Those troubles helped researchers realize the importance of proprioception feedback, Hatsopoulos said.
"In the early days when we were doing this, we didn't even consider sensory feedback as an important component of the system," Hatsopoulos said. "We really thought it was just one-way: signals were coming from the brain, and then out to control the limb. It's only more recently that the community has really realized that there is this loop with feedback coming back."
Reflecting this loop, the researchers on the new study also observed changes in the brain activity recorded from the monkeys when sensory feedback was added to the set-up. With proprioception feedback, the information in the cell firing patterns of the primary motor cortex contained more information than in trials with only visual feedback, Hatsopoulos said, reflecting an improved signal-to-noise ratio.
The improvement seen from adding proprioception feedback may inform the next generation of brain-machine interface devices, Hatsopoulos said. Already, scientists are developing different types of "wearable robots" to augment a person's natural abilities. Combining a decoder of cortical activity with a robotic exoskeleton for the arm or hand can serve a dual purpose: allowing a paralyzed subject to move the limb, while also providing sensory feedback.
To benefit from this solution, a paralyzed patient must have retained some residual sensory information from the limbs despite the loss of motor function -- a common occurrence, Hatsopoulos said, particularly in patients with ALS, locked-in syndrome, or incomplete spinal cord injury. For patients without both motor and sensory function, direct stimulation of sensory cortex may be able to simulate the sensation of limb movement. Further research in that direction is currently underway, Hatsopoulos said.
"I think all the components are there; there's nothing here that's holding us back conceptually," Hatsopoulos said.
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1. Aaron J. Suminski, Dennis C. Tkach, and Hatsopoulos and Andrew H. Fagg.
Cyberkinetics - Neurotechnology Systems, Inc. - CyberKinetics Inc. - News Release
phx.corporate-ir.net, 22 Dec 2004 [cached]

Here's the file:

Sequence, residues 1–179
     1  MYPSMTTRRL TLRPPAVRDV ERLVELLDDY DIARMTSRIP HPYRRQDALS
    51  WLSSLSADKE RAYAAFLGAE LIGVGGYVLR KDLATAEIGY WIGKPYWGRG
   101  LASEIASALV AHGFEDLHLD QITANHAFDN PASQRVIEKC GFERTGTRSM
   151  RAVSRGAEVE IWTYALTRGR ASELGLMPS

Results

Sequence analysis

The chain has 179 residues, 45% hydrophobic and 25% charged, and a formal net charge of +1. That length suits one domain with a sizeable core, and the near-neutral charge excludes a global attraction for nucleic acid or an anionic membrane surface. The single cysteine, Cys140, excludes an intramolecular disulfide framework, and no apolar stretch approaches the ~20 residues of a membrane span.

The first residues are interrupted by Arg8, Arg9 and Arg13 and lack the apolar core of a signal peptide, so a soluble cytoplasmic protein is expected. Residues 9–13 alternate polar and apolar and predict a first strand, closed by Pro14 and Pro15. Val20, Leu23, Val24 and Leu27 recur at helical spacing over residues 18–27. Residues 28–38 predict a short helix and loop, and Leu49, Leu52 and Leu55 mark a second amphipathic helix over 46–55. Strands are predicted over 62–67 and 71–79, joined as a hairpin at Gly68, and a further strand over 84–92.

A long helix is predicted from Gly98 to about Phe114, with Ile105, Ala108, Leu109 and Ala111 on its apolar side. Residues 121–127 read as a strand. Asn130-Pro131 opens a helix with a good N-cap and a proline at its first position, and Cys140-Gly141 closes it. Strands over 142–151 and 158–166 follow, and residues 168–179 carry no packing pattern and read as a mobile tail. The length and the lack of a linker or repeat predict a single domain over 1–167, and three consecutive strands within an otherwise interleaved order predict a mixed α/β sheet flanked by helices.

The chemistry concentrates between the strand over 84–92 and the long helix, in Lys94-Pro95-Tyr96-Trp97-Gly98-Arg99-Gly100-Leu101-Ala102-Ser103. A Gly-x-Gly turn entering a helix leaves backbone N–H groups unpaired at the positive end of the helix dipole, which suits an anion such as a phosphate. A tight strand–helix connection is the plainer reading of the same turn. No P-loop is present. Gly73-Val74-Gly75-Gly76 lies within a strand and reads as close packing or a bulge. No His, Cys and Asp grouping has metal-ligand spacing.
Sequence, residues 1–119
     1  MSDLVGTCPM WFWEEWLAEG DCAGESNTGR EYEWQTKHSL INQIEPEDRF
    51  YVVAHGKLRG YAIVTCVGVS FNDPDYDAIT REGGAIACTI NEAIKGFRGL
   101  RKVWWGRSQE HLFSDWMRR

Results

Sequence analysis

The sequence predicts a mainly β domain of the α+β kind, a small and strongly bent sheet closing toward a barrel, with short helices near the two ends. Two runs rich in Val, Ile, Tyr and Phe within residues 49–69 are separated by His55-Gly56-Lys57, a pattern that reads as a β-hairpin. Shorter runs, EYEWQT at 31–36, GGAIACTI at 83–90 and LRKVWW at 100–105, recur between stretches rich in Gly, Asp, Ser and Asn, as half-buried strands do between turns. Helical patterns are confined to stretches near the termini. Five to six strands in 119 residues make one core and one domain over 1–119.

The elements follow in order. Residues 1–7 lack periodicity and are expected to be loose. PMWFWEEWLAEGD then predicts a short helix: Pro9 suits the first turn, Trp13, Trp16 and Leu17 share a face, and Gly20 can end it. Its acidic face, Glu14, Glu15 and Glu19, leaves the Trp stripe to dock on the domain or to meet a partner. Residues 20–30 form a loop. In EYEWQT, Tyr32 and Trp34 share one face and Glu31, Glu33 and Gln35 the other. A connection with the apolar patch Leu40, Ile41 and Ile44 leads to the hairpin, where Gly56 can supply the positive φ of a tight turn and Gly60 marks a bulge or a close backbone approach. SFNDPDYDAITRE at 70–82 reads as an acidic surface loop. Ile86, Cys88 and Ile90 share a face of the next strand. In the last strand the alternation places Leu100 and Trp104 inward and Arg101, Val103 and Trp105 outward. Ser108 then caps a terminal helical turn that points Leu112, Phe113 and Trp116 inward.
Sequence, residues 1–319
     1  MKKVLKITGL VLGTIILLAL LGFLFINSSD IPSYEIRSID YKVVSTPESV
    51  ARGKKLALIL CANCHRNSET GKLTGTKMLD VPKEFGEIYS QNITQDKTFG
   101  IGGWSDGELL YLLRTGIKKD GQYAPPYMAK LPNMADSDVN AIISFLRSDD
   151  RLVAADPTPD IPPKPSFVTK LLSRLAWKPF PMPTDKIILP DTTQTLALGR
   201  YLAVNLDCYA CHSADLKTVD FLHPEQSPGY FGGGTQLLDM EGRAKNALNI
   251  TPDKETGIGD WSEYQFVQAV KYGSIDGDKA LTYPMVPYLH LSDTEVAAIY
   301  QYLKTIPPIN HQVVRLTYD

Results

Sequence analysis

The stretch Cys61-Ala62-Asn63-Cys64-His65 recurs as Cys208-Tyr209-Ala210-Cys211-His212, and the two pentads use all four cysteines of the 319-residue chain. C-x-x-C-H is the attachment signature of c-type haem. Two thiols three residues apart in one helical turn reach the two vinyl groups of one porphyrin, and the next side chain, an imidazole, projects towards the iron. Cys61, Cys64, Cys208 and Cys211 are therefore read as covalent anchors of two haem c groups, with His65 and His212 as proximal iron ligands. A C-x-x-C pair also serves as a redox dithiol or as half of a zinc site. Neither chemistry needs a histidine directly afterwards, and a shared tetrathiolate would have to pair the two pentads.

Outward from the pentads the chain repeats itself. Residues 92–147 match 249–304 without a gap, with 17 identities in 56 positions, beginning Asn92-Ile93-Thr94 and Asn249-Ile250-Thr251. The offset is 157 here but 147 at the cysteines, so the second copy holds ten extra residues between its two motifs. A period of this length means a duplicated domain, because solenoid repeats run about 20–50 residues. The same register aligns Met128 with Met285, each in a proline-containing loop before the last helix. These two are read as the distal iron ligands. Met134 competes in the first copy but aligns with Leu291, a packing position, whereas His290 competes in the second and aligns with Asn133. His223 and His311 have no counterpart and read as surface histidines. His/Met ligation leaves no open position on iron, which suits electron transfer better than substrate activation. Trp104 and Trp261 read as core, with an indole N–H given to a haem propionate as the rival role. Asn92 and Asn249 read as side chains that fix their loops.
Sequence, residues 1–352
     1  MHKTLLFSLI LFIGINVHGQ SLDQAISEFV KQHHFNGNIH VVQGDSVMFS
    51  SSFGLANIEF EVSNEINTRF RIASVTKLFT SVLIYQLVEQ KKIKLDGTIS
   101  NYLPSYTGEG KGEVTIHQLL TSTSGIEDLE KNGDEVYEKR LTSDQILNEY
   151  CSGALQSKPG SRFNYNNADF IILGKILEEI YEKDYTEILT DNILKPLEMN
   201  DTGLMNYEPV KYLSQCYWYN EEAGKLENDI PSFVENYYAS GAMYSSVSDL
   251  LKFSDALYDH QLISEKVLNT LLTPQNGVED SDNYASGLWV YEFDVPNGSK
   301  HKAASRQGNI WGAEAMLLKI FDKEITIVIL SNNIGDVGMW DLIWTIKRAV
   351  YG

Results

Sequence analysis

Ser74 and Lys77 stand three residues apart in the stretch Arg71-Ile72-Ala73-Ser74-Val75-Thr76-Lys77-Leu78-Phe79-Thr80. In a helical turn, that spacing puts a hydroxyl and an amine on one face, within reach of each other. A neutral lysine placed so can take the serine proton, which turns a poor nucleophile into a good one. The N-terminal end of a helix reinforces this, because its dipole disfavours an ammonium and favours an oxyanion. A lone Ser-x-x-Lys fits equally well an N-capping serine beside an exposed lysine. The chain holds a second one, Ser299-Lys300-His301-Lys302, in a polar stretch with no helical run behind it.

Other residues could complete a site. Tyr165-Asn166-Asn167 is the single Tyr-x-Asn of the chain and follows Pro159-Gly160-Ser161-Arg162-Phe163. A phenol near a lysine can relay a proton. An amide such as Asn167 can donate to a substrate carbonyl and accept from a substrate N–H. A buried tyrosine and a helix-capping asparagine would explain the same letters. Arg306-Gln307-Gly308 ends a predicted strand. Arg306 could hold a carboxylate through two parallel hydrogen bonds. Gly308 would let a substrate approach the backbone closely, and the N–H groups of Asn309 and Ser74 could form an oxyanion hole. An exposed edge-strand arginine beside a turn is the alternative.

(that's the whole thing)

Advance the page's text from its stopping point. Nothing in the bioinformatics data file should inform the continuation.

"I am very pleased and excited to see that the basic science that we pursue in our laboratory continues to make the transition into the clinic with the addition of the RIC site," said Nicholas G. Hatsopoulos, Ph.D., co-founder of Cyberkinetics Neurotechnology Systems, Inc. and Assistant Professor at the University of Chicago.
Cyberkinetics - Neurotechnology Systems, Inc.: Board of Directors
cyberkinetics.virtual.vps-host.net, 6 Dec 2008 [cached]
NICHOLAS G. HATSOPOULOS, Ph.D. - Assistant Professor, University of Chicago. A founder of Cyberkinetics, Dr. Hatsopoulos has been an Assistant Professor in Organismal Biology and Anatomy at the University of Chicago since 2002. From 1998-2001, Dr. Hatsopoulos was an Assistant Professor of Research in the Department of Neuroscience at Brown University. Dr. Hatsopoulos has completed two postdoctoral research fellows, one in the Department of Neuroscience at Brown University and the other in the Computation Neuroscience Program at the California Institute of Technology. Currently his research focuses on the neural basis of motor control and learning and he is investigating what features of motor behavior are encoded and how this information is represented in the collective activity of neuronal ensembles in the motor cortex. Dr. Hatsopoulos completed his B.A. in Physics from Williams College in 1984, his M.S. in Psychology in 1991 and his Ph.D. in Cognitive Science from Brown University in 1992.
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Nominating Committee: Mark P. Carthy, John P. Donoghue and Nicholas G. Hatsopoulos